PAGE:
New study contradicts notion that electronic health records are driving doctors to quit

Prominent journalists including the late Pulitzer Prize-winner Charles Krauthammer, have written that doctors are leaving the practice of medicine because adopting and using electronic health records (EHRs) is frustrating and debilitating.

Not so, according to new research from the University of Notre Dame, which shows that basic EHRs actually have increased doctors’ tenure at hospitals, whereas advanced EHRs caused doctors to shift to other hospitals. The study found no evidence of retirements as a result of implementation.

“The Mobility of High Status Professionals after the Implementation of Enterprise Information Systems,” forthcoming in Information Systems Research by Corey Angst, professor of IT, Analytics, and Operations in Notre Dame’s Mendoza College of Business, examines how the implementation of basic and advanced EHRs influences the ability of organizations to retain highly trained professional workers.

“Specifically, we look at how this usage affects the decision of physicians to continue practicing at their current hospital,” Angst says. “Results suggest that when EHRs create benefits for doctors, such as reducing their workloads or preventing costly errors, their duration of practice increases significantly. However, when technologies force doctors to change their routines, there is an obvious exodus, though it’s more pronounced with older doctors, especially specialists, and those who have been disrupted in the past by IT implementations.”

The researchers used information on the mobility of physicians from the Hospital Inpatient Dataset provided by the Florida Agency for Health Care Administration (AHCA), which provides detailed accounts of each patient admitted to Florida hospitals in addition to information on where physicians have been treating patients during the course of the sample. Data regarding EHR implementation were retrieved from HIMSS Analytics, a nationwide survey of healthcare delivery organizations, granting access to information regarding hospital level adoption of EHR systems at the module level, as well as organizational characteristics such as for-profit status, teaching, specialties, vendor information and size, at the year level. When combined, the data offer information regarding physician employment and EHR implementation at the physician-hospital-year level between 2000 and 2010.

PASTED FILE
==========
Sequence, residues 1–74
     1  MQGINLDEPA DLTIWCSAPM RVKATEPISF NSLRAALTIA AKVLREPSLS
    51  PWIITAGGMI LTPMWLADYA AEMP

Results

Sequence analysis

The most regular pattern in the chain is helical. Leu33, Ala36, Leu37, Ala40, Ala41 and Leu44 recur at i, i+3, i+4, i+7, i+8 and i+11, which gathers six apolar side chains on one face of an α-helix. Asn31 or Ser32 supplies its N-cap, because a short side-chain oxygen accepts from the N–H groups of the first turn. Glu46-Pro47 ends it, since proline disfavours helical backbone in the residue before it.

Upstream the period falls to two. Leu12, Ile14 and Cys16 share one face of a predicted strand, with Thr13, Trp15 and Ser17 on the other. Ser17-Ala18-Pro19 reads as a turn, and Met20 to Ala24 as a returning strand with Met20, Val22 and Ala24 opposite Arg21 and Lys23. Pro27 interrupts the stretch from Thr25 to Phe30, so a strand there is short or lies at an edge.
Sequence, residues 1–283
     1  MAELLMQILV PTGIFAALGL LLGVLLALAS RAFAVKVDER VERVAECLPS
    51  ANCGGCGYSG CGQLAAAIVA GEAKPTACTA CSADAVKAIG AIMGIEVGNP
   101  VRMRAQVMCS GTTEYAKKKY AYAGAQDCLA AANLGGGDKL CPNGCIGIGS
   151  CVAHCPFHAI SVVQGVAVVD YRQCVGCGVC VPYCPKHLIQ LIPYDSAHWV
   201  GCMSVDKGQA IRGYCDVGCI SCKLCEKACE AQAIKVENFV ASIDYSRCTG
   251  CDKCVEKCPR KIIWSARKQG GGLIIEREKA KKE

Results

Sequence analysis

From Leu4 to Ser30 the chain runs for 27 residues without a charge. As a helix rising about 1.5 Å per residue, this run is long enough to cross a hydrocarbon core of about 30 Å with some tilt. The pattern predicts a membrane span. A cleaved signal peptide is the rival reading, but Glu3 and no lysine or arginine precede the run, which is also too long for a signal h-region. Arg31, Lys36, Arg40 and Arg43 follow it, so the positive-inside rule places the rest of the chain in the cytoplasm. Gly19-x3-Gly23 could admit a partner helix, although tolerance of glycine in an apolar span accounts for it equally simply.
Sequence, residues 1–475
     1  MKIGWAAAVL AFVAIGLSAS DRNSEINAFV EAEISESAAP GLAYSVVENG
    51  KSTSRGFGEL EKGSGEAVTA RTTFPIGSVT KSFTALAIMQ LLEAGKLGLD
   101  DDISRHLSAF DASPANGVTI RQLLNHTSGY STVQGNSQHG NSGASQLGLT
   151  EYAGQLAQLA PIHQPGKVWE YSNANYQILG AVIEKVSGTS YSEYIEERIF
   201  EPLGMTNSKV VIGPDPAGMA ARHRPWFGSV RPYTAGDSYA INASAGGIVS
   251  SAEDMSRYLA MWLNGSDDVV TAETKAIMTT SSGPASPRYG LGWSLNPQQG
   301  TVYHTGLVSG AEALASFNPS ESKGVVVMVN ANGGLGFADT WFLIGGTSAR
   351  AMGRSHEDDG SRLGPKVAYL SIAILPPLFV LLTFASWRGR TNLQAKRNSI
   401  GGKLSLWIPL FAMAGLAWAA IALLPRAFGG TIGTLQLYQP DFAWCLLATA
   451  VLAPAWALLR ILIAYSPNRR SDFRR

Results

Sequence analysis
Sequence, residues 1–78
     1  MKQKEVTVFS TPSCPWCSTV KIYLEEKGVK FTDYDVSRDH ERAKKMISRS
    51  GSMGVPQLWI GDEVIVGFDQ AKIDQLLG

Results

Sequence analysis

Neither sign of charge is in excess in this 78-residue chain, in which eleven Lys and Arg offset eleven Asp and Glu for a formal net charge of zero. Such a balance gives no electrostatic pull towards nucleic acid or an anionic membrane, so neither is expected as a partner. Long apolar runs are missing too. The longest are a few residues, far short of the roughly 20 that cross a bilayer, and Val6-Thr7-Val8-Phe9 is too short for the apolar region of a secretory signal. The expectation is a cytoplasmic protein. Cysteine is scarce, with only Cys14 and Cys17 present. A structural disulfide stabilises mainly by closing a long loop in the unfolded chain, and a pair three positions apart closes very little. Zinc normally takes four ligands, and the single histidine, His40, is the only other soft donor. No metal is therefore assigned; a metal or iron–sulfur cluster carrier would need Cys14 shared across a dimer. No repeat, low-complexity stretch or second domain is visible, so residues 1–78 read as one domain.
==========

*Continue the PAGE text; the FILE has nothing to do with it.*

“With the ubiquity of EHRs today and federal policies that mandate adoption, there is now ‘nowhere to hide,'” Angst says, “but during the timeframe we examined, it was possible for doctors who disliked EHRs to relocate to other hospitals or retire. Interestingly, we did not find increases in retirements or wide-scale departures, but we did find that advanced EHRs did push doctors to less sophisticated hospitals, while basic EHRs actually increased tenure at the hospital.”

Advanced EHRs, which utilize CPOE (Computerized Physician Order Entry) or PD (Physician Documentation), are known to be more disruptive to doctors’ routines.

“Most doctors don’t want to have to look at a screen and document what the patient is saying while doing an exam,” Angst says. “The PD module requires doctors to either document the things they are doing at the moment of the exam or immediately following—or they have to employ a scribe to do it while they are doing the patient exam. The CPOE creates alerts that many doctors ignore because they think they know better or because of a known history with the patient. These can be very disruptive and in some cases they require doctors to work around the alert.”

Basic EHRs, on the other hand, are more automated but also have been in use longer so doctors are more comfortable with them.

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